In Finance by Clyde Mooney

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This week the listed Redcape Hotel Group (ASX: RDC) announced its full-year distributable earnings for FY19, with returns and opportunities mirroring upside in the broader hotel industry.

RDC’s earnings were in line with its PDS guidance, largely driven by portfolio expansion and enhancement. Total revenue increased 17.4pc, EBITDA 21.3pc against the prior corresponding period.

Six venues were acquired over this period, and a valuations uplift of $14.6m brings the total portfolio value to $1.08bn. $21.6m was invested in growth capex, including major refurbishments at the Leumeah, Eastwood and Cabramatta Hotels.

A strategy of portfolio optimisation, through recycling capital into higher-growth opportunities, brought divestment of the Belrose Hotel in August 2018.

Like For Like revenue grew 3.3pc on FY18, and distributable earnings for FY19 amounted to $46.5m, with distributions of 8.75c per security, equating to a 7.85pc yield. FY20 projected earnings are expected to see greater than 9.0c paid per security.

Earlier this month RDC secured a new $503m senior debt facility, replacing existing arrangements set to expire late 2020, and now count the four major banks as creditors on “more favourable terms”, providing “greater flexibility to support its growth ambitions”.

This sets gearing at 38.0pc, at the lower end of its target range (35-45pc), and is slated to improve all-in interest costs by ~100 bps.

RDC’s net asset value stands at $1.14 per stapled security, described by market analyst Edward Day as “a compelling investment” at a ~4.4% discount to NAV, offering circa 8.0pc return.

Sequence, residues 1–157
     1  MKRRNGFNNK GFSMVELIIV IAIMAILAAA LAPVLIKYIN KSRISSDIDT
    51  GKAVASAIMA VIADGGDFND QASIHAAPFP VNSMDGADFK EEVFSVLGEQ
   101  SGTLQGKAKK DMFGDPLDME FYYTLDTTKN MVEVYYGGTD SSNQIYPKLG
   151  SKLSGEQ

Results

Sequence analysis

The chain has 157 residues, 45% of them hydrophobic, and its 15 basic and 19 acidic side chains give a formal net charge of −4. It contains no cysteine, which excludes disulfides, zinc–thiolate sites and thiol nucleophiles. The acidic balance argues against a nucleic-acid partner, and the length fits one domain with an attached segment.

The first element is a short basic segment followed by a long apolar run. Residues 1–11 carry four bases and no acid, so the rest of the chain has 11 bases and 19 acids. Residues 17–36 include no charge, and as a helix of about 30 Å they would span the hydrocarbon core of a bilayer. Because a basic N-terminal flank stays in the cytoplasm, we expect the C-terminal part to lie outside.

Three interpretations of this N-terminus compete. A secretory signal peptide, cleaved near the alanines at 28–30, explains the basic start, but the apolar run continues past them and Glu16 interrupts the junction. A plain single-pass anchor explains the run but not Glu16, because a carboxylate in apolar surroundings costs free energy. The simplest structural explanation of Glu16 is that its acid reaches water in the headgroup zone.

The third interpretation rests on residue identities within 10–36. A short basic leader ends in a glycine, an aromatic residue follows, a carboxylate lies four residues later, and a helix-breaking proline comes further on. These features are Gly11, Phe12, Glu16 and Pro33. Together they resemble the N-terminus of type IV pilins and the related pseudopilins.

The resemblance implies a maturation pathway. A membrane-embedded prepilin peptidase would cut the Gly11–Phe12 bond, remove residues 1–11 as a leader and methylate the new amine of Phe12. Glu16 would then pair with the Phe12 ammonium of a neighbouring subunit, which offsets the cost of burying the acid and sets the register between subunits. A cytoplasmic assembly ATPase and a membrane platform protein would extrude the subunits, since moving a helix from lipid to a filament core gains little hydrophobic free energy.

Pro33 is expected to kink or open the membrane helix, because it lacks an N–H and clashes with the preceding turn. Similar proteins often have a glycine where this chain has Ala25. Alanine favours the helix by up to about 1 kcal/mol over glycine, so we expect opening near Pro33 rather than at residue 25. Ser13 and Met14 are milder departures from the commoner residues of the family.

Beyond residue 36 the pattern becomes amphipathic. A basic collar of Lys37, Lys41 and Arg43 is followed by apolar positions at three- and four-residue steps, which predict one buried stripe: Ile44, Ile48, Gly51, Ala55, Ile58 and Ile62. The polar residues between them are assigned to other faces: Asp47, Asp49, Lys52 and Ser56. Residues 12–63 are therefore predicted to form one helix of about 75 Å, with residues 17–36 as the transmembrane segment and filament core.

The Group’s results announcement cited “downward pressure on gaming margin”. CEO Dan Brady clarified this was much the result of catering to cyclical customer preferences, giving rise to a period of increased jackpots – prompted by gaming room analytics showing a trend toward linked jackpot machines. 

In the short term this has impacted margins, but the increased payouts have maintained customer loyalty and with the trend now swinging away from jackpots and back toward RTP, the margins are improving again. Beyond advanced analytics, the practice speaks to the Group’s methods of customer approach.

“It’s about us understanding what customers want, rather than dictating what customers will get,” offered Brady.

RDC expects to marginally decrease the percentage of revenue out of gaming from current levels to the upper 50pc range, but this is expected to come about not through reduced gaming revenue, rather by growing the other portions of the pie.

“We will over time diversify our income, so you’ll see a lower amount of gaming income coming through as a proportion of earnings, over time. This will be in relation to things like investment in the brewery and other vertical integration, as well as full refurbs of our pubs.”

Redcape is an independent listed scheme managed by Moelis Australia Hotel Management P/L (MAHM), of which principals including Brady and Moelis Group are owners. A short year since listing and series of one-off costs prompted MAHM to waive its management fees for the year, demonstrating clear alignment with the interests of shareholders and significant praise by investors.

The results note RDC’s 32 venues, of which 31 are freehold going concerns, and their provision of refurbishment growth opportunities – plus flexibility to consider alternative use developments and “unlock latent land value”.

This can be seen in considerations on two of its multiple western Sydney pubs located on or near train lines, such as the Cabramatta Hotel, looking at a mixed-use development with 234 residential units, and the Revesby Pacific, contemplating a 144-bed aged care facility.

Brady spoke of potential joint ventures and options to carve off land on large sites, clarifying that Redcape does not consider itself a developer and “won’t be taking on development risk”.

“Our portfolio is difficult to replicate, comprising of strategically located, high-quality assets, many of which are on sites we own and are underutilised, providing an opportunity to unlock value through alternate land use,” he notes.

“It’s those sorts of value opportunities, which are not reflected in our valuations today, that we can be exploring.

“It really goes to the thesis of who we are; yes, we are an operating business, but also a property business, and we can utilise it because we own both the business and the property.”